Annie Sloan Chalk Paint™ is rich in high quality colour pigments. It is not a white paint that has been tinted with only a few colour pigments. Each pot holds beautifully rich colour pigments right throughout, allowing you to do things like dye fabrics and paint upholstery. This post shows how Chalk Paint™ truly is so much more than paint. More and more we are seeing customers explore the endless possibilities of dying fabrics, yarns, painting lampshades and upholstery, so when Karenza accidentally got paint on herself we took the opportunity to showcase how incredible Chalk Paint™ by Annie Sloan really is.
During our Chalk Paint™ 101 workshop today as always we get people from the workshop to wash their brushes in buckets of water (clean up is easy with Chalk Paint™!) The photo below shows one of the buckets at the end of the workshop, lots of brushes washed in here and lots of colour pigments in this bucket making the water a “purpley” like colour and it seemed a waste to get rid of this.
During clean up, Karenza accidentally got some Emperors Silk Chalk Paint™ on her crisp white shirt, not ideal for her as she had to go out after work today. Luckily we work in a shop full of Chalk Paint™ 🙂
We quickly rinsed the couple of spots she got on her shirt, to get most of it out, leaving behind a faint red stain. We then grabbed some Emperors Silk Chalk Paint™ off our workshop shelf and poured it into the bucket of water from the workshop class and mixed it around creating a beautiful pinky dye in the bucket. As a general rule, when dying fabrics with Chalk Paint™ you would use approximately 1 part Chalk Paint™ 20 parts water ( no salt or anything required, just Chalk Paint™ and water in a vessel large enough to hold what ever it is your dying) You can use less water if you want a more intense colour but you can adjust as required.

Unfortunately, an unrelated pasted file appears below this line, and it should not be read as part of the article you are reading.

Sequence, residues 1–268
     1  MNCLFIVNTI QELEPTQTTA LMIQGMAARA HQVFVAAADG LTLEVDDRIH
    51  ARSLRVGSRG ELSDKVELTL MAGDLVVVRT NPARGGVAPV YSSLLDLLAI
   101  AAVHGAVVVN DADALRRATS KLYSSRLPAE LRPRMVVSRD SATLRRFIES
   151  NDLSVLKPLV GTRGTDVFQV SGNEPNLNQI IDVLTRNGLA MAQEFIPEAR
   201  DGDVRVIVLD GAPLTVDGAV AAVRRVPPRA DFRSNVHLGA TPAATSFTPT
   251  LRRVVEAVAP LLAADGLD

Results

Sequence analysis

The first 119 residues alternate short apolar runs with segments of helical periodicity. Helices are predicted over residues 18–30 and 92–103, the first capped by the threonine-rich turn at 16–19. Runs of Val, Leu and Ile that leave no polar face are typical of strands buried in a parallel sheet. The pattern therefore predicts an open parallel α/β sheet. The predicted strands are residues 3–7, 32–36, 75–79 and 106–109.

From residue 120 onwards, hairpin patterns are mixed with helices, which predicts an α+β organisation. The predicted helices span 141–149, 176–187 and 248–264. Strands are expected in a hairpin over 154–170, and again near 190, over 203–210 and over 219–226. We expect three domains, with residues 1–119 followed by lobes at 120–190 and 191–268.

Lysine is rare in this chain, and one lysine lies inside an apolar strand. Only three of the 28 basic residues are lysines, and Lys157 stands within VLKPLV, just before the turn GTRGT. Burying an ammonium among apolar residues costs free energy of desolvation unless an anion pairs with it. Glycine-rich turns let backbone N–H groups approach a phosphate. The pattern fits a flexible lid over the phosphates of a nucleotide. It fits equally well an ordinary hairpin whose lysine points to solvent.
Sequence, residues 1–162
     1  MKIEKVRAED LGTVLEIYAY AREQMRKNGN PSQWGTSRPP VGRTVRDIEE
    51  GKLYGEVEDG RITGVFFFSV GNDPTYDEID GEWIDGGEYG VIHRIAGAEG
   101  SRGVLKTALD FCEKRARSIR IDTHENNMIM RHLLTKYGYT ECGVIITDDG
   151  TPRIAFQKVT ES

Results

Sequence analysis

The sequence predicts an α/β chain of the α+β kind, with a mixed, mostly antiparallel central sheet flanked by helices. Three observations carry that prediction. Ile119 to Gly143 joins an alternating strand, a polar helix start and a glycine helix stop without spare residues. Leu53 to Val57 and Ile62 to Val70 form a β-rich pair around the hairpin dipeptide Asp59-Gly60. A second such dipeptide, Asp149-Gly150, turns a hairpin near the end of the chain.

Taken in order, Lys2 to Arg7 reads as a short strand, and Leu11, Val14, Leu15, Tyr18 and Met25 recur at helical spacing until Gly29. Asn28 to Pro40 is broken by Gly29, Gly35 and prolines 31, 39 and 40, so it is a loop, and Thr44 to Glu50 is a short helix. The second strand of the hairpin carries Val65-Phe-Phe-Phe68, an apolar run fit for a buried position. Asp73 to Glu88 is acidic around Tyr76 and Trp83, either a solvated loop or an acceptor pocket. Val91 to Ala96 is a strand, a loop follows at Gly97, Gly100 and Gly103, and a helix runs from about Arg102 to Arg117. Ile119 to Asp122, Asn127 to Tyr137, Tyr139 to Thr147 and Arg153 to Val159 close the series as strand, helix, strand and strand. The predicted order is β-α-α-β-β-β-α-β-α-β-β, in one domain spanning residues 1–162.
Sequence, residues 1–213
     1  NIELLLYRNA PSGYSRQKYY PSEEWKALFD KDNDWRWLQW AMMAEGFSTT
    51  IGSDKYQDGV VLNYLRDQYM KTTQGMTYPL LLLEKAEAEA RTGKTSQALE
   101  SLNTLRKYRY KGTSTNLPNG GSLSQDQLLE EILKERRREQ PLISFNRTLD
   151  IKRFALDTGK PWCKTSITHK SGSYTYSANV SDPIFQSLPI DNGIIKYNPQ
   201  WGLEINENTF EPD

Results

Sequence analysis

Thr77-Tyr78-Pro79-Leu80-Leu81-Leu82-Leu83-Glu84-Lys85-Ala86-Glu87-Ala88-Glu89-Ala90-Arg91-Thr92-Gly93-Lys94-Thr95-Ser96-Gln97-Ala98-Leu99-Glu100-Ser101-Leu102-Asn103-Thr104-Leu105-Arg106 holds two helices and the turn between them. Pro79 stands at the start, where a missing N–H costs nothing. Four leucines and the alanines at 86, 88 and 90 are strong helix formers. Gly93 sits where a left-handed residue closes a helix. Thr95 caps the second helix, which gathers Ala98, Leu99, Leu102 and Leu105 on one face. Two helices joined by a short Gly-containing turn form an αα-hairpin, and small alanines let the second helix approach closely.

We then submerged the shirt into the bucket of water, left it as we served customers in the shop today, so in total we probably left it for about 30-40 minutes, stirring a couple of times in between. Then we picked it up and had a quick look (with a little squeal of excitement) .
Normally you leave it to completely dry on the line, however in our little impromptu experiment today we didn’t really have time too as Karenza needed her shirt to go out tonight. So we used female ingenuity and blow dried the shirt dry on the table… customers who came in around this time today can vouch for this, it was quite a sight 🙂
Once dry we gave it a light rinse and wash with water. At home, you would just give it a light wash in the washing machine, then put it in the dryer or washing line and you’re done. We didn’t have that luxury so out came the blow dryer again, luckily it was a light linen shirt so it didn’t take too long.
Here are the results, a gorgeous shirt dyed in Chalk Paint™ by Annie Sloan… all done in the space of an hour. You can dye fabrics with any of the 32 beautiful colours that Annie Sloan has in her range and in any variation you wish. We have had customers dye duvet covers in Duck Egg Blue, sheets in Aubusson blue, more recently we have had a customer dye her linen napkins using a mixed Annie Sloan colour in an Aubergine to match her Aubergine Hydrangeas on her table as a truly bespoke centre piece; we certainly found this inspiring. So there you go, Chalk Paint™ by Annie Sloan can also change your wardrobe! So much more than paint 🙂